Heaven help us and the developmentally-delayed people, - but perhaps every politician, every family needs a kid who is different - and then see the tables turn! (Somewhat along the lines of the current television ad by Children's Hospital - "If it was your child, we wouldn't need to ask." Liz)
I am pleased, though, that some people in the community can be aroused.
Posted by David Berner at 9:30 AM
Recommend reading local author Christopher Shaw's "Five Ring Circus" to get
a more realistic idea of what is required by VANOC et al to secure the 2010
Games and how badly officials have deliberately underestimated the security
costs of the GAMES.
Some of my thoughts...
The only port city to host the Winter Olympics...three major railway lines
pass by many of the Vancouver venues, both support venues and sporting
venues and major hotels...20% of the workers in the region work downtown...a
mountainous corridor stretching 120 kms...a nightmare...what will they do,
shut down rail operations, shut down the port? Will every container need to
be opened and investigated arriving at port? What will the cost be to the
economy if they have to shut the port or the railways?
Here's what CBC reported during the 2005 trucker's stike at the Vancouver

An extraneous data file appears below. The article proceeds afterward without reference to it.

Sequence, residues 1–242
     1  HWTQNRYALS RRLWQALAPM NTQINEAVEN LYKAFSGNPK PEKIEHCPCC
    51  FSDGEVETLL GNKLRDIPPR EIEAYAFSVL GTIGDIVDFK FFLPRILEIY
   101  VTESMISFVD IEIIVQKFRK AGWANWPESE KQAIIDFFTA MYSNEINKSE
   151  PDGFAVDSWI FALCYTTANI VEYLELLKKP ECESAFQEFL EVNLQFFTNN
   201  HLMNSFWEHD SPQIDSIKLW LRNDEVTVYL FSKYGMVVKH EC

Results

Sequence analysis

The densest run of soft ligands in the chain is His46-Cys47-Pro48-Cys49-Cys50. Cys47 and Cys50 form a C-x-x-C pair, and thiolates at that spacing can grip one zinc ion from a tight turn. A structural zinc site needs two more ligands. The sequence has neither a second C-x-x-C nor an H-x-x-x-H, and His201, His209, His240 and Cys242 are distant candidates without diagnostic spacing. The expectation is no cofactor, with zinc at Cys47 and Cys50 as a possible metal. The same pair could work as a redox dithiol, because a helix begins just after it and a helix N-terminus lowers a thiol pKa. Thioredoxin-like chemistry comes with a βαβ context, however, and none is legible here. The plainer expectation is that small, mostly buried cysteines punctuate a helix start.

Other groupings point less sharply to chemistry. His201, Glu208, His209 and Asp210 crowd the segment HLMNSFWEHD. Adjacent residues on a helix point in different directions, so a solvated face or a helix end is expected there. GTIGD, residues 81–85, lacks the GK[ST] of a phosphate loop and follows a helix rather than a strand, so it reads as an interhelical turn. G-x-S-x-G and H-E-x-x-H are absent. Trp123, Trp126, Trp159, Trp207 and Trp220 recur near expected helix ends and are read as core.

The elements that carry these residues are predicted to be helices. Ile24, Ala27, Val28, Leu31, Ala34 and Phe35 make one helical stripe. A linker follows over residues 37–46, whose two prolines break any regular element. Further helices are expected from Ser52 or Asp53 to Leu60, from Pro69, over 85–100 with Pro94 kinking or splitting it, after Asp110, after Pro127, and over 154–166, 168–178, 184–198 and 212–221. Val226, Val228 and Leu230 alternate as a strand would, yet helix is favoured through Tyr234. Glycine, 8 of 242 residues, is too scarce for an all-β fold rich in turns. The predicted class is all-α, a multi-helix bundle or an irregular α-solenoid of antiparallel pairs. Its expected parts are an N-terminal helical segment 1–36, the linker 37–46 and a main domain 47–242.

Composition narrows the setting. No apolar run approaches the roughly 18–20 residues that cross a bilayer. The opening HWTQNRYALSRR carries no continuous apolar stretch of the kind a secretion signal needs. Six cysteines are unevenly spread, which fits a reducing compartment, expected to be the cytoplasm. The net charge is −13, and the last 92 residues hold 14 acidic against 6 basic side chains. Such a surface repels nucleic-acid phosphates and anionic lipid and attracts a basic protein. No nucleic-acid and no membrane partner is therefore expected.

"B.C.'s business community is demanding that the federal government end a
paralysing and sometimes violent truckers' strike at Vancouver-area ports
that is costing an estimated $75 million a day."
Just how will the security measures for the 16 day 2010 Games impact the
normal economy of BC and Canada? February is a very busy month for grain
shipments at our ports, will these shipments be delayed by security
Getting to and from places of work will be impacted by road closures and
usual transit systems will be overloaded by visitors. But it may all even
itself out if we look at Salt Lake City's (SLC) example. At SLC airport,
more people left the state of Utah during the Games period than came in.
Sales tax revenues for the month of February in 2002 to the state seem to
show that revenues were flat in comparison to previous year revenues for the
same period in 2001. A modest .6% increase in sales tax revenue was felt in
Imagine thousands of security officers, armed forces and secret service
agents from over 20 countries floating around...the security cost in Salt
Lake City 2002 was over $350 million in US dollars, the CAN dollar traded at
62 cents during that time. SLC is not a port city and mountain events for
the 2002 Winter Games was only 15 km from the city core and SLC had no major
railroads adjacent to any of the Olympic venues.
Security costs are being hidden in local, provincial and federal budgets
much the same as Colin Hansen tried to hide the costs of the Olympic
Secretariat office in Victoria saying they shouldn't be included in the 2010
Olympic costs. The indirect costs to our economy need to factored in. The
government is all too quick to inform or disinform us of the 2010 Games
benefits but dead in the water when it comes to informing us of the full
costs of hosting the Games.
Posted by David Berner at 9:18 AM